CHP should not see the election outcome as success

CHP should not see the election outcome as success

The party that needs to think the most about the election results is again the main opposition Republican People’s Party (CHP).

The impression that is being given by the party administration is they do not see at least a failure because the CHP’s votes have increased 5 percent compared to the 2009 local elections and 3 percent compared to the 2011 general elections. It remains to be seen to what degree this analysis is credible, but what is clear it that the outcome should not be seen as a success for the CHP.

The CHP needs to make a deep analysis on why it could not pass the 30 percent threshold despite the circumstances and take urgently, however late they are, the necessary measures in order to avoid making the same mistakes again.

Lack of confidence in economy

The election outcome has shown one more time what is CHP’s biggest problem:

People do not trust CHP because it does not have the cadres and the rhetoric to alleviate its concerns about its pocket.  People do not wish to have the slightest instability about the economy. There is no way out for the CHP unless it deals with this shortcoming. Finding a solution or changing this perception is foremost the duty of Kılıçdaroğlu. After the issue of the economy, the CHP needs to mull over the passion to serve. This is the only way the argument, “Whatever the CHP does, the electorate will not vote for CHP,” will be alleviated.

The way forward is to create a difference, appreciation for the municipalities which are under the control of the CHP. CHP has many such examples. But it has examples to the contrary as well. If the CHP could not go beyond the 30 percent threshold, it needs to see the role of these examples and start questioning especially the big municipalities it has lost.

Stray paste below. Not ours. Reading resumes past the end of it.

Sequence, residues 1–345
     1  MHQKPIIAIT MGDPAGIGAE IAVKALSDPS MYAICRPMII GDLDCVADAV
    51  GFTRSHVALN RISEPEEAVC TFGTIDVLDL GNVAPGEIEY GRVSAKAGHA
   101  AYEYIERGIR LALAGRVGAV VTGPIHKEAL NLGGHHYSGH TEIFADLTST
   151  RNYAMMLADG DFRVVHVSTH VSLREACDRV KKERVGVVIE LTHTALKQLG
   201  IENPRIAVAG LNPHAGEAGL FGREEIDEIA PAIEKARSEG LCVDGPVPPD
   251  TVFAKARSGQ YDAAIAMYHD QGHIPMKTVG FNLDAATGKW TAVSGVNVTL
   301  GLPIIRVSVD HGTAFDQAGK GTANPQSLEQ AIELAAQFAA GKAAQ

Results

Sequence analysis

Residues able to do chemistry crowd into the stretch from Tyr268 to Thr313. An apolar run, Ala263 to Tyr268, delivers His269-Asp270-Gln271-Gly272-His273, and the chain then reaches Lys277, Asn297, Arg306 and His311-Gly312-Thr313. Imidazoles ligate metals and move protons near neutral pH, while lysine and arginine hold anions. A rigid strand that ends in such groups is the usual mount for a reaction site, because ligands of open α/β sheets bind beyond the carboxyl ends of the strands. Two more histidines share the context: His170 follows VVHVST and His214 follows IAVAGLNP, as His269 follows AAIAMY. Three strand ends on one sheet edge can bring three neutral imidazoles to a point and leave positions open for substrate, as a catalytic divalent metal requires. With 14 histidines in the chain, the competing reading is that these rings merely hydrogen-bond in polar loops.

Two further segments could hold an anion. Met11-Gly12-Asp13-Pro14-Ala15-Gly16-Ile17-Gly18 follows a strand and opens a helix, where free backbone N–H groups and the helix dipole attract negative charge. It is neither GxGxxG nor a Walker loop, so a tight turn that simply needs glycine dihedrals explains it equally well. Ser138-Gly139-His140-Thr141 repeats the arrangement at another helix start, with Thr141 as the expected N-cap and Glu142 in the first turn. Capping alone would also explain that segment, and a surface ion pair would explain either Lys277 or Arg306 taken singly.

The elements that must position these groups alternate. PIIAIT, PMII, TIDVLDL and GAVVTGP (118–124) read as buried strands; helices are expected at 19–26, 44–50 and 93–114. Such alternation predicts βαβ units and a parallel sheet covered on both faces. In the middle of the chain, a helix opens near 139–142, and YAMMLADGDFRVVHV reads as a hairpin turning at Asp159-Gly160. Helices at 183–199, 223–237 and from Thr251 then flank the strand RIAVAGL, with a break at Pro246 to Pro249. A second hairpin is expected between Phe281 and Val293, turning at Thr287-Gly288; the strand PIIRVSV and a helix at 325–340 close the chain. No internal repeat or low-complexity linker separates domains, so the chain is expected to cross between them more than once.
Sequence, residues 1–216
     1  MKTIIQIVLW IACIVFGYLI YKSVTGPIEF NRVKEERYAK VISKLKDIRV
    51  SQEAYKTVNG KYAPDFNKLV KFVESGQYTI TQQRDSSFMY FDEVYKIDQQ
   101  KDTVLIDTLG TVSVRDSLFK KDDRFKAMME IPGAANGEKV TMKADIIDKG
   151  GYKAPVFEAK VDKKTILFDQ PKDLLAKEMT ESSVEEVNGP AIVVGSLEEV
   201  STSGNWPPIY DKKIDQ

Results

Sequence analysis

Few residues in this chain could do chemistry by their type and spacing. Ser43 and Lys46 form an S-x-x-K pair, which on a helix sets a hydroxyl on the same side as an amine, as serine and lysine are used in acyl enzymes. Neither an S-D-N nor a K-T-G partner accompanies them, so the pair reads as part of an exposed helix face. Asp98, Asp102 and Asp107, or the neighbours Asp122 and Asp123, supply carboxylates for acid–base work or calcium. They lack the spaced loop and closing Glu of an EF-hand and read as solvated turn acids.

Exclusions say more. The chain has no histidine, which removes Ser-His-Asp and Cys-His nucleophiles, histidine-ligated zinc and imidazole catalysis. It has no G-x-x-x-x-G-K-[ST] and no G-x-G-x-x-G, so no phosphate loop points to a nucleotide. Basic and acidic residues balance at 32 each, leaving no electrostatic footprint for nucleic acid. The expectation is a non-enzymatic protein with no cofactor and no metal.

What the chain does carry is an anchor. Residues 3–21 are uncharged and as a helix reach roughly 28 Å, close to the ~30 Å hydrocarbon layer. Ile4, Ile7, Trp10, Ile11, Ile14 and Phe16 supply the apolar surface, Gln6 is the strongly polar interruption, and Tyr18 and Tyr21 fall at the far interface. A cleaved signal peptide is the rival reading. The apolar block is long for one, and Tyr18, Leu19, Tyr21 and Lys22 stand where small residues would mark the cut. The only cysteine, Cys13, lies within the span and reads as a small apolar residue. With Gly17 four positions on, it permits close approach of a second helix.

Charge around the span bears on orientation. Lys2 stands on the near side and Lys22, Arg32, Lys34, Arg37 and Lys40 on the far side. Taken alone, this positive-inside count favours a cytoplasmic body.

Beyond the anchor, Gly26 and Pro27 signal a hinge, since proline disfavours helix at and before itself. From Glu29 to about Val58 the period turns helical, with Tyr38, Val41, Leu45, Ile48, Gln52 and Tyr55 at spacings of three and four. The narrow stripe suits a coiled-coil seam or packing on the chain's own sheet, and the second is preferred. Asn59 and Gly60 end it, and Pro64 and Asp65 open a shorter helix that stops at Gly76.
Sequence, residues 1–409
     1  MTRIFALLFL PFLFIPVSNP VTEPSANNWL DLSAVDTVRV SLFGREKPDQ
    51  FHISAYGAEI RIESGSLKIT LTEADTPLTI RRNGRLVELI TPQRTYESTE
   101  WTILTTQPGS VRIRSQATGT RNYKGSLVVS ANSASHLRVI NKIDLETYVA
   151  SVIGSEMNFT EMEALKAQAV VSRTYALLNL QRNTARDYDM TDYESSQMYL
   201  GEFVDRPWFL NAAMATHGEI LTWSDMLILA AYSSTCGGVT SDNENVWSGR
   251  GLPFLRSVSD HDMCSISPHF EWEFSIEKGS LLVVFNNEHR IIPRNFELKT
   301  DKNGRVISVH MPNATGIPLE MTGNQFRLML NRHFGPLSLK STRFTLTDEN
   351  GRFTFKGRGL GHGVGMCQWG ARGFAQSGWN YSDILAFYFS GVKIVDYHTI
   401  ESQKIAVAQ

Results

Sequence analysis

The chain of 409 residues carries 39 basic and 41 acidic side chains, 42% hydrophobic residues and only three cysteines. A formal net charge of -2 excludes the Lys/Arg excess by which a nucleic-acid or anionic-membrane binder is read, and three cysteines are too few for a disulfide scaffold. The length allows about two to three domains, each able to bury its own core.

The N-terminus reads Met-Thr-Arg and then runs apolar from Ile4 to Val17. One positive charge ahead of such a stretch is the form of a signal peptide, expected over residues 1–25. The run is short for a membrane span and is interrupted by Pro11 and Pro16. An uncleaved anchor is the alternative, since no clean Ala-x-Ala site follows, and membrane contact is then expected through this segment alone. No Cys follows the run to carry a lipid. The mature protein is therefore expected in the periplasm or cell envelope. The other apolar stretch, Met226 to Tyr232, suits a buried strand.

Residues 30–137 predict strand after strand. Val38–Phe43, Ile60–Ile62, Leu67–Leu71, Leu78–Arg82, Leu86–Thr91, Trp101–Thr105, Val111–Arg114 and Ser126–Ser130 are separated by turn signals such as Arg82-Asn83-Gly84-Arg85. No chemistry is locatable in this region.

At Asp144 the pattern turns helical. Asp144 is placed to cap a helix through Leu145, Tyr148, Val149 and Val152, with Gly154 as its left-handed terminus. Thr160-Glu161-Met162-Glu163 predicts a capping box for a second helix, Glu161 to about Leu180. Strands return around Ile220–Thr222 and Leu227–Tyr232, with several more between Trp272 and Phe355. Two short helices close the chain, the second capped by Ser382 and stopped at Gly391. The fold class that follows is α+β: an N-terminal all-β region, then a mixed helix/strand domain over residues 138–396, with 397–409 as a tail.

If CHP can spread the good examples throughout Turkey, it can have the chance to catch a big hope. The wrong choices are an issue for another article, but (while there could be other examples) I will talk about four mayors.

Good performance increases votes

In Ankara’s Yenimahalle, the government took out the Çayyolu district, a vote depot for the CHP and tied it to Çankaya, assuming it will win the elections in Yenimahalle. Yet Fethi Yaşar from the CHP was reelected, increasing his votes to 50.8 percent from the 40.8 percent he had won in 2009.

A similar tactic was done in Istanbul’s Sarıyer. The neighborhoods the AKP used to get a lot of vote were transferred from Şişli to Sarıyer. But Şükrü Genc, who had won 37.5 in 2009 succeeded this time to get more than 51 percent.

Özlem Çerçioğlu won by 26 percent of the votes in Aydın in the 2009 elections; this time she got 55 percent.

Let me tell you two interesting bits of information about the elections in Aydın.

While there is no objection to the election results in the Aydın municipality, in contrast to Ankara, Çerçioğlu still has not been given the document that will officially enable her to work as mayor.

More interestingly, 185 votes came out for the CHP in Çerçioğlu’s ballot box, yet zero votes came out for members of the council. Yet at least her, that of her husband and son should have come out for the CHP: apparently the totality of 146 votes were written for the HDP. She immediately objected to the results.

Our fourth example is Eskişehir and perhaps the most important. In Eskişehir, the AKP won 44 percent of the votes with 9 percentage of difference with CHP in the 2009 general elections. Not only did Yılmaz Büyükerşen close the gap in these elections, but came out 6 percent ahead of the AKP.

The CHP needs to give priority to the economy and focus on serving people.